Perhaps, it is this bond that restrained the country’s media to microscopically analyse the outcome of the visit, which normally observed vis-à-vis India. Nevertheless, apprehension expressed about the extent of China’s ability to fulfil Bangladesh’s expectation, especially, on the Rohingya issue.  China expressed an intention to help Bangladesh in resolving the Rohingya refugee problem but however there still remains a feeling of doubt. Reason for concern arises because of the experience of Myanmar’s dillydally attitude in implementing the agreement on the repatriation of Rohingya. In 2017, Bangladesh and Myanmar signed the agreement after China’s intervention. Myanmar has not taken back a single refugee until now.

China expressed an intention to help Bangladesh in resolving the Rohingya refugee problem but however there still remains a feeling of doubt. Reason for concern arises because of the experience of Myanmar’s dillydally attitude in implementing the agreement on the repatriation of Rohingya

Once more, there was some feeling of disappointment regarding the absence of declaration by China on specific measures to reduce the trade imbalance. The trade imbalance is a major issue between Bangladesh and China. Bilateral trade heavily favours China.  During the visit, China recognised the need for reducing it and expressed its intention to support export from Bangladesh but remained vague on the measures. Meanwhile, Sheikh Hasina invited Chinese companies to invest in Bangladesh in 100 of the economic zone the country is developing. A special economic zone is being set up for Chinese companies near Chittagong in Bangladesh. Chinese investment forwarded as an alternative to address the trade gap.

During the visit, PM Hasina requested faster disbursement of the loan and making conditions easier. In 2016, China promised US$28 billion lines of credit to Bangladesh for development of various infrastructure development project; however, there have been major delays in disbursement on the fund. It is worthy to note, in South Asia, Bangladesh is the second-largest recipient of Chinese loans after Pakistan.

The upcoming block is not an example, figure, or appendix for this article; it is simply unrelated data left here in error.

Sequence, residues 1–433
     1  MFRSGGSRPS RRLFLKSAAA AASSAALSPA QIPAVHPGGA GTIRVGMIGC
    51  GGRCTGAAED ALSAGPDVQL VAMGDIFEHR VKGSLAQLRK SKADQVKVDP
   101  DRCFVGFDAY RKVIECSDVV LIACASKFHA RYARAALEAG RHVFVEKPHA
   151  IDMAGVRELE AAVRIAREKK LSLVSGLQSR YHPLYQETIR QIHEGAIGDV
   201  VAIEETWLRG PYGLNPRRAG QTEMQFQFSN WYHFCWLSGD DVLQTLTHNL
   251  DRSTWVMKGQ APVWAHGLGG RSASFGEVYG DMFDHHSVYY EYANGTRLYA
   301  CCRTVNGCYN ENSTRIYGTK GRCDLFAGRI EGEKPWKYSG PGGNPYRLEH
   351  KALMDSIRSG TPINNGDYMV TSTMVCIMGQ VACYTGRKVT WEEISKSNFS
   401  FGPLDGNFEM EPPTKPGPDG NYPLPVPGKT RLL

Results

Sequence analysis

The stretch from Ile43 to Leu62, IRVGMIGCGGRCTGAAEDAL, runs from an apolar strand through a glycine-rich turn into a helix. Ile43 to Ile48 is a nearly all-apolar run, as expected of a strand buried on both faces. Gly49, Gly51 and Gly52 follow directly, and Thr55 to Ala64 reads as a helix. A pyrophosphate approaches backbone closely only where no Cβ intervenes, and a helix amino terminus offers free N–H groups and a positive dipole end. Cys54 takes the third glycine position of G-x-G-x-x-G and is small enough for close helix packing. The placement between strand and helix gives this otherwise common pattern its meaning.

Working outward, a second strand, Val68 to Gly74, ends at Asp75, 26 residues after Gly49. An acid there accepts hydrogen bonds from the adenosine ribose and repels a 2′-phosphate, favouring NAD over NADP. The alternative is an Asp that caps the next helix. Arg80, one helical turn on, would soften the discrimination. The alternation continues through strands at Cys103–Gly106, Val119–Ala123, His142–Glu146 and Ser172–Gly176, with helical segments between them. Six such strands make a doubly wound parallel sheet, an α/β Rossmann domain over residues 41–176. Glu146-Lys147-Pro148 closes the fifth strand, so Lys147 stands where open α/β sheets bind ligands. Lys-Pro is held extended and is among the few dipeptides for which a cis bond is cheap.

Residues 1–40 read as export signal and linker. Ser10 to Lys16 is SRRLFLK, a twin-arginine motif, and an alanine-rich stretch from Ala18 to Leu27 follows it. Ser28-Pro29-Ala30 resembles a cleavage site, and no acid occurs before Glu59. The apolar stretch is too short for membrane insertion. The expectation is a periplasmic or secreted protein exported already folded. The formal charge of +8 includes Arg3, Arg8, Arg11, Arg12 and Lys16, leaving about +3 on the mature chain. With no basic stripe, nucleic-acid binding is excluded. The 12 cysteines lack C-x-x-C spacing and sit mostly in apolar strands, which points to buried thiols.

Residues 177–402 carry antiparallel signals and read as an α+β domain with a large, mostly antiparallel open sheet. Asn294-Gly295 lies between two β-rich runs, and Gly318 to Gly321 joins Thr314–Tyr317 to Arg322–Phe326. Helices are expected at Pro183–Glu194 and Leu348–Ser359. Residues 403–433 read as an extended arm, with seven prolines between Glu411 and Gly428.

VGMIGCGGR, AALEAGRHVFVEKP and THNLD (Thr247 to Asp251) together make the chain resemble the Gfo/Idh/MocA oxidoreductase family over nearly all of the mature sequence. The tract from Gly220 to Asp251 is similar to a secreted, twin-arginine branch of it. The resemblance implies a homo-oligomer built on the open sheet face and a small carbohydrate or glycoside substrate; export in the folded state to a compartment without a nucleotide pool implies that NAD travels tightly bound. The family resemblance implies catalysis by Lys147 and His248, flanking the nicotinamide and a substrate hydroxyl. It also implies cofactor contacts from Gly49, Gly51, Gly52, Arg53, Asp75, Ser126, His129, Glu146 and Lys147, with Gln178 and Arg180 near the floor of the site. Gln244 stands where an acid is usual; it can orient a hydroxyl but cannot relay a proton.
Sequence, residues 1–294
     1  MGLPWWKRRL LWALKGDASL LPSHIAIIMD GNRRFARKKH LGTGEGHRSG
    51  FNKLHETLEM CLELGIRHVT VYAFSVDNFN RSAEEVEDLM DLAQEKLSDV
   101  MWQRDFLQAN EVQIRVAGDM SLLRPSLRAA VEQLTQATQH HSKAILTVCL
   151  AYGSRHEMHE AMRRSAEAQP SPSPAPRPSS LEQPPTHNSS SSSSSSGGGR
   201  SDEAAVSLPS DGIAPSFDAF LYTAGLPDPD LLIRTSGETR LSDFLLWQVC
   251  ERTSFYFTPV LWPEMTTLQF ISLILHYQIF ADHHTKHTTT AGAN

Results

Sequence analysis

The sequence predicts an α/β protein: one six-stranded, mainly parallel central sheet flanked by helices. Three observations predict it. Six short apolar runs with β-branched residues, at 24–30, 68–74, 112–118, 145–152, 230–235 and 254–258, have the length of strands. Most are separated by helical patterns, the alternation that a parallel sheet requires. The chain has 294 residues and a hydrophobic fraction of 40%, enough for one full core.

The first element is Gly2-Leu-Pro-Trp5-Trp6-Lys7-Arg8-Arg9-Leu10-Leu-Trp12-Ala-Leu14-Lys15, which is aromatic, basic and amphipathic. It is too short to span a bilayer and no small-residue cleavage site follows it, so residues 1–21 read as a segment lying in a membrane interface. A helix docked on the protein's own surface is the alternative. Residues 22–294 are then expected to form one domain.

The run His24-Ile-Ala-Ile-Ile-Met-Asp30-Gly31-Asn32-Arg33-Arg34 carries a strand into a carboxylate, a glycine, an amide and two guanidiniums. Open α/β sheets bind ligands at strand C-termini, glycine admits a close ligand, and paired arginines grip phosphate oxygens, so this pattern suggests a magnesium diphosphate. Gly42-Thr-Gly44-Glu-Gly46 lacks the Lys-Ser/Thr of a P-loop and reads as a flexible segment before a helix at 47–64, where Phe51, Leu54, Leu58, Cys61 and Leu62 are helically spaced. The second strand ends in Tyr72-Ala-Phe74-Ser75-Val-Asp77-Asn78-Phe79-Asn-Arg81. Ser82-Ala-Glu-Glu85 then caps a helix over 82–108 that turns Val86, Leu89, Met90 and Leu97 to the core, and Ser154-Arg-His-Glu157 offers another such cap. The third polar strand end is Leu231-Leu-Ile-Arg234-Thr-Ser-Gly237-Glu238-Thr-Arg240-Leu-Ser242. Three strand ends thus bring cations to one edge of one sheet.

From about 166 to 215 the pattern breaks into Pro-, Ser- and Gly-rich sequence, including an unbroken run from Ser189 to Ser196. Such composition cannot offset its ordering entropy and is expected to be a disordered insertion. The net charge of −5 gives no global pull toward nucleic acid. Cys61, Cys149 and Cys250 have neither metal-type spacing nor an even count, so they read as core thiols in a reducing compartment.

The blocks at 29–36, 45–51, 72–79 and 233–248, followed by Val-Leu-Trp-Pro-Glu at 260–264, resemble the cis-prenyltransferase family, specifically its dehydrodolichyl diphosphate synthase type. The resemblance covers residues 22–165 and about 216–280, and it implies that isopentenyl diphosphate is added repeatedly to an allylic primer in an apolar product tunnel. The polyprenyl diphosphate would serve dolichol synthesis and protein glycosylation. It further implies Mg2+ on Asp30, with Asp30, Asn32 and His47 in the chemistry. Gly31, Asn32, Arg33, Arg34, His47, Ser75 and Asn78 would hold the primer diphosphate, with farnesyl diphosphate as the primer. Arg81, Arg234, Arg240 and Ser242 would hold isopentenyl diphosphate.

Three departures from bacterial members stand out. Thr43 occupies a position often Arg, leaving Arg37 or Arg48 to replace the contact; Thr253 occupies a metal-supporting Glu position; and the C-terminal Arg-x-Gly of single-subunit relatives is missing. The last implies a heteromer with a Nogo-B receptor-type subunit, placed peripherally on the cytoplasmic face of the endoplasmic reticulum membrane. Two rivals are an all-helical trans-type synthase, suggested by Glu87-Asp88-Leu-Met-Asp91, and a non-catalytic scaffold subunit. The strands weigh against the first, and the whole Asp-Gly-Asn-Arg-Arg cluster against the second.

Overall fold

China and Bangladesh relations always have a reference to India, an aspiring global power and Bangladesh’s neighbour, and this visit was no different. During her visit, PM Hasina participated in the summer summit of the World Economic Forum in Dalian. In her speech,she was categorical in defining her country’s relations with India. To PM Hasina, the relationship of Bangladesh with India is organic while with China, it is economic.  Additionally, PM Hasina opined that she wants to maintain a balanced relationship with all her friends including China and India.

It will be noteworthy to watch Bangladesh’s foreign policy evolve in the future. Especially with respect to China displaying tendencies to leverage its loan diplomacy to assert its influence. Bangladesh has to show prudence in navigating Chinese pressures to sustain its neutrality.

The views expressed above belong to the author(s). ORF research and analyses now available on Telegram! Click here to access our curated content — blogs, longforms and interviews.


Joyeeta Bhattacharjee

Joyeeta Bhattacharjee

Joyeeta Bhattacharjee (1975 2021) was Senior Fellow with ORF. She specialised in Indias neighbourhood policy the eastern arch: Bangladeshs domestic politics and foreign policy: border ...